Using an Infrared Link - Page 2

By Brien M. Posey | Posted Nov 22, 2000
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Infrared Printing

Printing to an infrared-enabled printer is almost as easy as transferring files over an infrared port. Before you can begin printing, you must install a driver for the printer. This process is largely automatic. To do so, position your PC in range of the printer's infrared port (about one meter). After a few seconds, the PC will recognize the printer. You'll then be prompted to install the drivers for the printer. Once the drivers have been installed, the printer icon will appear on the taskbar's status area.

When you install an infrared-enabled printer, you're basically installing a printer that works identically to any other type of printer. From Windows 2000's perspective, the only difference between an infrared printer and a printer that's connected to an LPT port or to a network port is that the Windows 2000 redirector directs printer communications to an infrared port instead of to a parallel port or a network port. The process of printing to an infrared printer is no different than printing to any other type of printer except for the fact that you must establish an infrared link before you begin printing.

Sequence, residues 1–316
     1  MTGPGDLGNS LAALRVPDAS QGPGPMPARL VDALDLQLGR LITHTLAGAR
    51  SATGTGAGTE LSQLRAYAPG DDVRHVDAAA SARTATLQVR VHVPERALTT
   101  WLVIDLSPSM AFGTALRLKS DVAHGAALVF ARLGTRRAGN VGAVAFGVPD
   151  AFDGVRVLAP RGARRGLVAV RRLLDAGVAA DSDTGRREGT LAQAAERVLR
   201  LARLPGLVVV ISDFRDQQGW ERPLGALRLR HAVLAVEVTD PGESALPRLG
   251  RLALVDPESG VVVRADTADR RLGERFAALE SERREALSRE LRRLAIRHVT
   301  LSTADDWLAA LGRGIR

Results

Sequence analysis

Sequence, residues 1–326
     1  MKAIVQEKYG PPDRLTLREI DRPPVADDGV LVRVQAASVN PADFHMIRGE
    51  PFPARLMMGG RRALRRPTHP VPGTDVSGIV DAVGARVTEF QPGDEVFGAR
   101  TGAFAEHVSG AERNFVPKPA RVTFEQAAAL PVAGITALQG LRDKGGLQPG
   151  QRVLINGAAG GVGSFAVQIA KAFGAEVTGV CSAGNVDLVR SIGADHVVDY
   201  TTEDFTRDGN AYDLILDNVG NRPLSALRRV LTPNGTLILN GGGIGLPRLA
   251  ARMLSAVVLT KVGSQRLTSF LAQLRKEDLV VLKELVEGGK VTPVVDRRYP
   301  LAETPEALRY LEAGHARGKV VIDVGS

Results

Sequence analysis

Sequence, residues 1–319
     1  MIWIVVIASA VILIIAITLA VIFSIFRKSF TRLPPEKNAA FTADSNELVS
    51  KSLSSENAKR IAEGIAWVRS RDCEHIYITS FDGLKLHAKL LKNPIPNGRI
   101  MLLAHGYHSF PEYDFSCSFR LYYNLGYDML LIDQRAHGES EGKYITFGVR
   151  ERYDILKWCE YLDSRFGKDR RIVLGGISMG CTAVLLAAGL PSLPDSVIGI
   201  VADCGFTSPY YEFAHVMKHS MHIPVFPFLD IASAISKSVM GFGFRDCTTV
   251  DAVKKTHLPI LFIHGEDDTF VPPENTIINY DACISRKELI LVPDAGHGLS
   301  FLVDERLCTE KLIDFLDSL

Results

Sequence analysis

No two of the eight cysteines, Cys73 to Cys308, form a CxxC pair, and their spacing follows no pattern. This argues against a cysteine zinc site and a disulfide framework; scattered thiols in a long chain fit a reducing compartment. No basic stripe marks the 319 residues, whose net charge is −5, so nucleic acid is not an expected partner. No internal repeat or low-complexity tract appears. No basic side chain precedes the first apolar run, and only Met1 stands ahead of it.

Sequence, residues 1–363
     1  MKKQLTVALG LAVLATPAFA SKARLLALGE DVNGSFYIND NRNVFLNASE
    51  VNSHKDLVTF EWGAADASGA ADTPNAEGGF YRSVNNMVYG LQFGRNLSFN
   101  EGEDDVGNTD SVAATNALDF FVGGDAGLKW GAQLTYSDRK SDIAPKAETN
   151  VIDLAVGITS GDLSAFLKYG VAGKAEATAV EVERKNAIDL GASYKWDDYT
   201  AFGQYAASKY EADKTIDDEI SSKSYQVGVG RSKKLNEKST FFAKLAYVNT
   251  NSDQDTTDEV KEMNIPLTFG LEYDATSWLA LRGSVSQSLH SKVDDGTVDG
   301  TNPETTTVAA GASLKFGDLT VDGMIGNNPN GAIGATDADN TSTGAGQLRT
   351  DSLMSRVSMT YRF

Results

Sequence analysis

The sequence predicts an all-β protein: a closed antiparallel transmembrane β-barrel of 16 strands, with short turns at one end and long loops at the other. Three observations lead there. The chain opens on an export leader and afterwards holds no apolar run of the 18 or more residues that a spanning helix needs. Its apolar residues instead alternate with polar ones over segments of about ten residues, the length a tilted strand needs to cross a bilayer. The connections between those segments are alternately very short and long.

CrossLinks

Transferring Images from a Digital Camera

In Part 2, I discussed a few settings that can be used to control the way that Windows 2000 receives images from a digital camera through an infrared port. Basically, once you've enabled those settings, you're free to begin transferring images. Windows 2000 has very little to do with the process, aside from acting as a receiving device. The communications process is initiated by the camera itself. As you might imagine, the process of sending the files varies for different brands of cameras. You need to know, though, that for this process to work, the camera must support the IrTran-P protocol. If the camera doesn't support this protocol, you'll be limited to using software included with the camera to transfer files rather than using native Windows 2000 software to get the job done.

As you can see, in spite of the complexities involved in the way that infrared communications work, it's simple to use your notebook computer's infrared port to accomplish basic tasks. Establishing an infrared link is largely automatic, and the process of transferring files across the link is merely a matter of using drag and drop. //

Brien M. Posey is an MCSE who works as a freelance writer. His past experience includes working as the director of information systems for a national chain of health care facilities and as a network engineer for the Department of Defense. Because of the extremely high volume of e-mail that Brien receives, it's impossible for him to respond to every message, although he does read them all.

Conclusion

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